zero) - For each out-edge, set the distance in each

neighboring node equal to the cost (length) of

the out-edge, and set its predecessor to the

initially given node - Repeatedly (until all nodes are known),
- Find an unknown node containing the smallest

distance - Mark the new node as known
- For each node adjacent to the new node, examine

its neighbors to see whether their estimated

distance can be reduced (distance to known node

plus cost of out-edge) - If so, also reset the predecessor of the new node

Analysis of Dijkstras algorithm I

- Assume that the average out-degree of a node is

some constant k - Initially,
- Mark the given node as known (path length is

zero) - This takes O(1) (constant) time
- For each out-edge, set the distance in each

neighboring node equal to the cost (length) of

the out-edge, and set its predecessor to the

initially given node - If each node refers to a list of k adjacent

node/edge pairs, this takes O(k) O(1) time,

that is, constant time - Notice that this operation takes longer if we

have to extract a list of names from a hash table

Analysis of Dijkstras algorithm II

- Repeatedly (until all nodes are known), (n times)
- Find an unknown node containing the smallest

distance - Probably the best way to do this is to put the

unknown nodes into a priority queue this takes k

O(log n) time each time a new node is marked

known (and this happens n times) - Mark the new node as known -- O(1) time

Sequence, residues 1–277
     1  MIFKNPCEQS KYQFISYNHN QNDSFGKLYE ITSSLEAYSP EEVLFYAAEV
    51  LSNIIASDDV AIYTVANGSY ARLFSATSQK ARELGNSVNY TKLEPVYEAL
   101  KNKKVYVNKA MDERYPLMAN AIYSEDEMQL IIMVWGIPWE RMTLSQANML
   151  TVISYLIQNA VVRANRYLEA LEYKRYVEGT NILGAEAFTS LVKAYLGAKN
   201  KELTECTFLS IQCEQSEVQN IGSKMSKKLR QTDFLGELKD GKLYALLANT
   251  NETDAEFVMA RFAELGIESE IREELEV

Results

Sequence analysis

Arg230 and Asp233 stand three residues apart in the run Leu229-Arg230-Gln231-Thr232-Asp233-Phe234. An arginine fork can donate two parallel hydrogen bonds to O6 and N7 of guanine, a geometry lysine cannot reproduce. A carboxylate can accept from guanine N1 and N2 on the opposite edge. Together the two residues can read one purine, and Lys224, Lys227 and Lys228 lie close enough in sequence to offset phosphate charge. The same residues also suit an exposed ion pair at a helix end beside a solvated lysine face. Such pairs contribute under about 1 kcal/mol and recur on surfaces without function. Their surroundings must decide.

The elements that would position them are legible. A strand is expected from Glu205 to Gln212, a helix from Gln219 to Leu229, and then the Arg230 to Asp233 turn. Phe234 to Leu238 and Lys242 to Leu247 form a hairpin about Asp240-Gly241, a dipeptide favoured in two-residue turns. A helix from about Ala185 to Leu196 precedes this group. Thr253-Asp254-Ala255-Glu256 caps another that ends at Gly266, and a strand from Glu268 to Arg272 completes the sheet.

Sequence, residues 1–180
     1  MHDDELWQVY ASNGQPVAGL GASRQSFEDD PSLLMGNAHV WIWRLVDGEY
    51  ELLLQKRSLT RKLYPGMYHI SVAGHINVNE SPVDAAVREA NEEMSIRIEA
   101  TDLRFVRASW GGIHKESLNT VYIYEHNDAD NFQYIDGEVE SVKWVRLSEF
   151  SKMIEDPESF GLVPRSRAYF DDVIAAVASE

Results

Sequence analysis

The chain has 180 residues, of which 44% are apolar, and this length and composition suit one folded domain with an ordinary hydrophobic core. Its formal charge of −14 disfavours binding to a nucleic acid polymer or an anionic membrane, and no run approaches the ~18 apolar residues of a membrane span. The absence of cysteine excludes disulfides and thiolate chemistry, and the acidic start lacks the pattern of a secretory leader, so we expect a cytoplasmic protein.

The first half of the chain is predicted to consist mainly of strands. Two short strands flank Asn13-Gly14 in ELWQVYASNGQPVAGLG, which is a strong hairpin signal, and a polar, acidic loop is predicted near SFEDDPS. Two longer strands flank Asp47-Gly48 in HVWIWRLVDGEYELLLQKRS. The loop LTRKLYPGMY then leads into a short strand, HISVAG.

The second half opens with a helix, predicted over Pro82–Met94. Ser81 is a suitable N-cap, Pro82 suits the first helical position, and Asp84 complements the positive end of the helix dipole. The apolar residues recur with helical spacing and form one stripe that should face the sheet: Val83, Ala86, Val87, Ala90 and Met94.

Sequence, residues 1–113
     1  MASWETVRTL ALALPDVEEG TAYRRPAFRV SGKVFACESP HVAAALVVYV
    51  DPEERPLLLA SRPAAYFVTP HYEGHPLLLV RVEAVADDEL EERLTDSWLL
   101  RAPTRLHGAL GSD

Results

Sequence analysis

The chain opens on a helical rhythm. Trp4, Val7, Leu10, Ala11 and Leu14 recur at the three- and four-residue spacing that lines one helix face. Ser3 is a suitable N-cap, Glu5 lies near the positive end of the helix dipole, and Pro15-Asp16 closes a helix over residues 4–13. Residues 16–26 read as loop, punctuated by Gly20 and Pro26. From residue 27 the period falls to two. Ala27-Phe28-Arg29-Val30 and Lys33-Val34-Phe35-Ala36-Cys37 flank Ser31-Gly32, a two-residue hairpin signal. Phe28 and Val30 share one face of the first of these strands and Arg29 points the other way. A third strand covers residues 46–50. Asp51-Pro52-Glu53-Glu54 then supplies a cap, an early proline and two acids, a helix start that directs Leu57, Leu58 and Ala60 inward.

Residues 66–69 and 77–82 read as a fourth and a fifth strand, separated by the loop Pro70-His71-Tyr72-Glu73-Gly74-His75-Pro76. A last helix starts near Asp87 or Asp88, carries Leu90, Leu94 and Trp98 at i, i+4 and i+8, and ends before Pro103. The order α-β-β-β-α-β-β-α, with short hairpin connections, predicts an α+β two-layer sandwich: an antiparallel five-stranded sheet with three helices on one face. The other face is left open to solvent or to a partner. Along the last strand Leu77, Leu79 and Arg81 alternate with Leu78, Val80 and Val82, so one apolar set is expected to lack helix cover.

- For each node adjacent to the new node, examine

its neighbors to see whether their estimated

distance can be reduced (distance to known node

plus cost of out-edge) - If so, also reset the predecessor of the new node
- There are k adjacent nodes (on average),

operation requires constant time at each,

therefore O(k) (constant) time - Combining all the parts, we getO(1)

n(kO(log n)O(k)), that is, O(nk log n) time

Connecting wires

- There are n white dots and n black dots, equally

spaced, in a line - You want to connect each white dot with some one

black dot, with a minimum total length of wire - Example

- Total wire length above is 1 1 1 5 8
- Do you see a greedy algorithm for doing this?
- Does the algorithm guarantee an optimal solution?
- Can you prove it?
- Can you find a counterexample?

Collecting coins

- A checkerboard has a certain number of coins on

it - A robot starts in the upper-left corner, and

walks to the bottom left-hand corner - The robot can only move in two directions right

and down - The robot collects coins as it goes
- You want to collect all the coins using the

minimum number of robots - Example

- Do you see a greedy algorithm for doing this?
- Does the algorithm guarantee an optimal solution?
- Can you prove it?
- Can you find a counterexample?

The End